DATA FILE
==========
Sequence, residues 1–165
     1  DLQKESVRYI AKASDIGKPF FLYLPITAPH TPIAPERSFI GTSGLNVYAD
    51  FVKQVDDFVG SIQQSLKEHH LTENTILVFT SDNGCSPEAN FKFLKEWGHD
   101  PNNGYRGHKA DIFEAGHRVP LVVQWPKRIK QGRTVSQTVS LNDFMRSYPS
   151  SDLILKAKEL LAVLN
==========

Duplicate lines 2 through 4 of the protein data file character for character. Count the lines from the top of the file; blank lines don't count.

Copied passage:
     1  DLQKESVRYI AKASDIGKPF FLYLPITAPH TPIAPERSFI GTSGLNVYAD
    51  FVKQVDDFVG SIQQSLKEHH LTENTILVFT SDNGCSPEAN FKFLKEWGHD
   101  PNNGYRGHKA DIFEAGHRVP LVVQWPKRIK QGRTVSQTVS LNDFMRSYPS